We also encountered certain limitations and problems regarding interface, usability, and adaptability. Applications, for the most part, do not have a balanced and optimal visual design for interaction and communication with users.
One of the central problems of the interfaces of these apps is related to decontextualization and the lack of attention to the diversity and heterogeneity of the users. The interfaces do not consider the evolutionary development of users of this age or the different cultures and social realities, which can hurt the perception of technology and its use.
Knowledge of the language and the need to know how to read and interpret written messages to access information and instructions are cultural barriers for some applications. There are also other inclusion problems, such as not considering users who follow atypical development paths and/or users with special educational needs [26
The design of the apps analyzed presents limitations due to the lack of artistic tools; the excessive number of active elements and advertisement interference [27
]; the small size of icons and buttons; the lack of visual, sound, or verbal feedback; the difficulty to quickly access the main screen; and, among others, the impossibility of not being able to rotate the screen. Therefore, there is huge opportunity for improvement to enhance artistic expression and learning in these group of apps.
In future research work, we intend to evaluate the interaction and learning process of children using apps for artistic creation to define the effectiveness of the acquisition of content and promote developers to have an action guide for the improvement of this type of resources. We believe that the extension of our study will undoubtedly help to glean information on new variables which influence learning outcomes through new technologies.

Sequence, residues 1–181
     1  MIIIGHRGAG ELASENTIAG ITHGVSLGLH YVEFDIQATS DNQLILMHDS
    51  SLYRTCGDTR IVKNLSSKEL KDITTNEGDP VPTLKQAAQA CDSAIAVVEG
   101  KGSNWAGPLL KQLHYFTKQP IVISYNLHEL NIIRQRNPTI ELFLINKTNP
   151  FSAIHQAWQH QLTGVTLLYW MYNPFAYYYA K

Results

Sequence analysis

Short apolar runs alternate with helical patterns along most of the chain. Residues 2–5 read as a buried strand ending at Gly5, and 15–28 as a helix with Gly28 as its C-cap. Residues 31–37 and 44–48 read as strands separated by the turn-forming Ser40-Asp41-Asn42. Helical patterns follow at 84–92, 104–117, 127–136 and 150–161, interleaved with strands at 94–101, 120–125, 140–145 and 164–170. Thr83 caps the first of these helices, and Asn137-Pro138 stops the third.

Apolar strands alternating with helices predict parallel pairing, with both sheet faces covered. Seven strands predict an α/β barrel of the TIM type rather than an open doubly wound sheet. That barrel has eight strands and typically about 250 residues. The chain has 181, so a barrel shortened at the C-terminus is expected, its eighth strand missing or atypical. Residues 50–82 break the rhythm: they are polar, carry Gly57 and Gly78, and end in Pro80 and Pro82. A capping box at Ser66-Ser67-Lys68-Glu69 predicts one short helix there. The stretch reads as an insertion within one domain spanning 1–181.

Concerning to the limitations that the study may pose, we found that the sample may be small considering the large volume of apps that are on the market; on the other hand, with the constant updating of the apps and purchase platforms, there is a continuous movement in user reviews. However, we found that developers are constantly implementing new improvements and fixing bugs In app updates.
We believe that this study, despite the limitations that may arise, allows us to learn about the characteristics that apps currently present as a tool for creative processes, observing that these tools are an important factor in the development of creativity.
Through this analysis, we have tried to provide both, families and education professionals with a series of guidelines to facilitate the choice of apps based on their functionality, whether educational or recreational.
Apps are undoubtedly presented as resources for teaching and learning processes and have revolutionized the artistic creation landscape, taking technology and creation to a new terrain. For this reason, it is essential to review the applications from a didactic point of view.
All this should be considered a challenge to design technologies that respond to the needs and experiences of children. We need to provide children with technologies adapted to the age and development. Technologies where children can become the authors and creators of their own realities. Without a doubt, it is necessary for teachers to assume the apps are useful and necessary teaching resources for the artistic training of students, knowing and providing designs that meet the training needs of teachers through experiences.